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23 Jul 2020 17:54 #312399 by Gary Sax
Replied by Gary Sax on topic Versailles 1919
Yeah, I guess my read of history is not that the Weimar Republic had to die or that WWII had to happen but I'm not going to argue with you about it or anything. That said, this game seems a bit abstract but insofar as it illustrates much history maybe it will illustrate why the Versailles treaty led to the outcomes it did by setting the victory points up in that way.

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24 Jul 2020 13:53 #312437 by Msample
Replied by Msample on topic Versailles 1919
Eh, more virtue signaling than anything else. I am not trying to downplay slavery but in a game that covers such a wide scope of history, how do you give it the detail/respect someone might think it deserves vs bogging the game down ? IS already suffers a bit from having a lot more stuff going on that its predecessor. You can make the argument that MANY games gloss over some nasty shit . HERE I STAND - when you put a colony marker in the new world, or scoop up that 2VP chit for conquering the Incas, there was some ugly shit going on beneath that innocuous little marker. Does going into more detail ( whatever that may be - and if you're going to add it, what would be the effect be on the game play ? ) than already present sink the game ? Were any of the European powers significantly better at not exploiting the new world peoples ?

In IS, if you really want to get into the weeds, arguably you'd have three subsets of rules , one for each non European theater. In India/Africa you've got slavery as well as exploiting the Indian local government by the East India company - John Company anyone ? Caribbean you've got slavery. In North America both sides used the Indians as proxies at times. Designers can choose to go into each of these different issues with more rules...or try to homogenize them. There are notes in the Playbook about the effects on disease and its effect on slavery costs; winning trade wars sometimes results in more debt as a result of these increased costs.

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24 Jul 2020 15:29 - 24 Jul 2020 16:17 #312446 by Gary Sax
Replied by Gary Sax on topic Versailles 1919
I wrote stuff to this effect on Instagram too... it also applies to Versailles I think.

I don't see any virtue signalling in making sure that the basic gameplay does highlight any truly heinous things you are engaging in during the game so that the players know. I don't think it needs to scold you or anything, nor does it need any additional subsystems necessarily, but part of the value of this game re: slavery would be trying to contextualize the systems in the game. I don't think it would hurt to, for example, emphasize visually or textually on the board that the sugar trade is really a story about the sugar *and* the slave trade in the plantation system in the components, images, etc. I do think you could walk away from IS not knowing that the sugar subsystem is a subsystem not just about sugar but also a system jockeying for control of some of the most notorious and cruel forms of chattel slavery that existed. I don't think this is like some mortal sin for IS, which as you note discusses the issues in passing in the playbook and on a couple events and a space, but I just think the game would be better if it surfaced it a bit more.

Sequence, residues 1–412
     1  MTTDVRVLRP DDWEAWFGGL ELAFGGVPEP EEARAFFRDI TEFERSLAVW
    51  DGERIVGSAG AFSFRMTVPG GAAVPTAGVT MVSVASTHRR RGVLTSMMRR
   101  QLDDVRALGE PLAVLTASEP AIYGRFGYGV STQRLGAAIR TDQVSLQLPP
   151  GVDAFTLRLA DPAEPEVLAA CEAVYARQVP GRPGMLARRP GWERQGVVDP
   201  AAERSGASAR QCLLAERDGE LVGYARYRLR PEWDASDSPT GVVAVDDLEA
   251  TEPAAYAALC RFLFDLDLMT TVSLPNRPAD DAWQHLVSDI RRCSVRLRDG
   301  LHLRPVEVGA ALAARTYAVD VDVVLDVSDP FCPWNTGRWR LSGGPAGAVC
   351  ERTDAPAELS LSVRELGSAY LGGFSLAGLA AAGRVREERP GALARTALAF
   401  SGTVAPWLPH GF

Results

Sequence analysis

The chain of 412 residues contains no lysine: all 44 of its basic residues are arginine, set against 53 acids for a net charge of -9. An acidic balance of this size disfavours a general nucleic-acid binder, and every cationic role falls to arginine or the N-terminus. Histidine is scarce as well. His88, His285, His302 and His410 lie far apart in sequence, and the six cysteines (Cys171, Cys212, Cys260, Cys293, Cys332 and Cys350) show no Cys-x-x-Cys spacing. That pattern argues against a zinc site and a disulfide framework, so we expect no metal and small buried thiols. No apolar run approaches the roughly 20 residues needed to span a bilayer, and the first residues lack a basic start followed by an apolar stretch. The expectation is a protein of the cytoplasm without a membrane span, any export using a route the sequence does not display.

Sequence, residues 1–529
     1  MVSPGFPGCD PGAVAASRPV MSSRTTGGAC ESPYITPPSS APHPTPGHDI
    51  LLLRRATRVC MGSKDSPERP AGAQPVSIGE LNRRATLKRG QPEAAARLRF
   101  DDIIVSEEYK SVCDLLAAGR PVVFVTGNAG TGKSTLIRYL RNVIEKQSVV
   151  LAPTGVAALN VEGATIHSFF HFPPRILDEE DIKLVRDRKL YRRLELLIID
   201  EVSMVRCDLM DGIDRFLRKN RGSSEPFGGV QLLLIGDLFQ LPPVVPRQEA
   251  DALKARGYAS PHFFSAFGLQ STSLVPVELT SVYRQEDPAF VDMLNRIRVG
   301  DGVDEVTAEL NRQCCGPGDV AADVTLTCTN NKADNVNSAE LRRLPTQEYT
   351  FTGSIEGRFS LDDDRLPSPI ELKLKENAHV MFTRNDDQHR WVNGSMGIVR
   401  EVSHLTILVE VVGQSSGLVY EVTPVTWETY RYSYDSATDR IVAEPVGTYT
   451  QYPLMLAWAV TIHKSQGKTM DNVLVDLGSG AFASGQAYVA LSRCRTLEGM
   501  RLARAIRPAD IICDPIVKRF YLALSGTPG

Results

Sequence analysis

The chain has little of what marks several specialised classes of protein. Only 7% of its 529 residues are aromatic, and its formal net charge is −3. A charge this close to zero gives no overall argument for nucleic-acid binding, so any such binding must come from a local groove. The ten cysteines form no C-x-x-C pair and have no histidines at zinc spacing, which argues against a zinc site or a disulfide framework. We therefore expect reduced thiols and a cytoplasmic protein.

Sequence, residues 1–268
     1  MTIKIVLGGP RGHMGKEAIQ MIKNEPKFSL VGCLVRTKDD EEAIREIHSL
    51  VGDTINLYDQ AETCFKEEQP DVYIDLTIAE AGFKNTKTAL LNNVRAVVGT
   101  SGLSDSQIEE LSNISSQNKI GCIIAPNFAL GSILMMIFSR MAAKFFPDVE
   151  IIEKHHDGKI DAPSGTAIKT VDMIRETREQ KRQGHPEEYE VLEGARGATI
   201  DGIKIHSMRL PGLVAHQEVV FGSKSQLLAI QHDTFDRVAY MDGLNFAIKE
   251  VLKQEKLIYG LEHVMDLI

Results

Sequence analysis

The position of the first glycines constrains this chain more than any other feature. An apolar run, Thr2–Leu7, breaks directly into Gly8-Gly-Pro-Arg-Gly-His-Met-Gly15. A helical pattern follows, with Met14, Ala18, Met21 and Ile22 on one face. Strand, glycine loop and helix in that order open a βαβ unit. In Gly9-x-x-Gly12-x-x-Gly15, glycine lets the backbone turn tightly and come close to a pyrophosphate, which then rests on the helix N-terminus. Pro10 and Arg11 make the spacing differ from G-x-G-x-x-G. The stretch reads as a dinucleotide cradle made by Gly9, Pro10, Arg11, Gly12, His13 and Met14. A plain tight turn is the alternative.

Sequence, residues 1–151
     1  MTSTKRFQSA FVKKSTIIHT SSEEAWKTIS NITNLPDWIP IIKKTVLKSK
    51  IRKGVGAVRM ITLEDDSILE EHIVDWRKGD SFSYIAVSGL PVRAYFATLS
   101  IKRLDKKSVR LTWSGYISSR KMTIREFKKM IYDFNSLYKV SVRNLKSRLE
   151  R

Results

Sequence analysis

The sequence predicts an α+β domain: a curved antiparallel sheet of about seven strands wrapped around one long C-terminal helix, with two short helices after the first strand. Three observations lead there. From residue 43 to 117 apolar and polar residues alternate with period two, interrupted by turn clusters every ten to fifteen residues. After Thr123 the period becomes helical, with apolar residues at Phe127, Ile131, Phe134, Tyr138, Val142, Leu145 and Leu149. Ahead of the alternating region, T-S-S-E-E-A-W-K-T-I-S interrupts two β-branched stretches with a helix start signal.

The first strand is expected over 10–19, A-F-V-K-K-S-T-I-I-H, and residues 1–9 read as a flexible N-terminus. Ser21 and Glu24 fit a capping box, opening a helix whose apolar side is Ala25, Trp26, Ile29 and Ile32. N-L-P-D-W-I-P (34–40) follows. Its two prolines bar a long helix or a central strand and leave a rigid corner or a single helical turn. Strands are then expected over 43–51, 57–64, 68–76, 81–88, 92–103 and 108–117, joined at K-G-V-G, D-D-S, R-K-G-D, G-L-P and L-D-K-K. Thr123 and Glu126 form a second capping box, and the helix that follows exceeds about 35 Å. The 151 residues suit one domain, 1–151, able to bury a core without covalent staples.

The Versailles example could be useful for the same reason---a possible gameplay answer to why did the German arrangement end up being punitive (or a few historians would say not punitive enough), the choices around the dismemberment of the A-H empire and how they shaped the future, etc---because the game is saying all members of the negotiation didn't really care what the world looked like as a whole at the end via its VP conditions and therefore its play.
Last edit: 24 Jul 2020 16:17 by Gary Sax.

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13 Oct 2020 14:46 #315077 by Gary Sax
Replied by Gary Sax on topic Versailles 1919
Can anyone who has played this tell me if it's short enough for an evening play? I would be interested in playing a game or two of this on tabletop simulator so I can figure out if I'd like it in my collection.

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20 Oct 2020 12:23 #315365 by Gary Sax
Replied by Gary Sax on topic Versailles 1919
spacebiff.com/2020/10/19/versailles-1919/

God damn, Dan Thurot bringing it with my style of games analysis and criticism here. This is still definitely on my radar but I need to get a better handle on its length and if I'd ever play it.
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21 Oct 2020 13:36 #315409 by engelstein
Replied by engelstein on topic Versailles 1919
It should take around 2 hours for a normal game.

There's a thread over on BGG where people discuss it.

www.boardgamegeek.com/thread/2518937/real-game-length

Happy to answer any other questions!
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21 Oct 2020 14:59 #315412 by Gary Sax
Replied by Gary Sax on topic Versailles 1919
To be honest, I like Mark Herman's design philosophy and game values a lot better than I like his games themselves, they just haven't worked for me (for the people, empire of the sun, etc). Your participation makes me much more interested in this release from a gameplay perspective.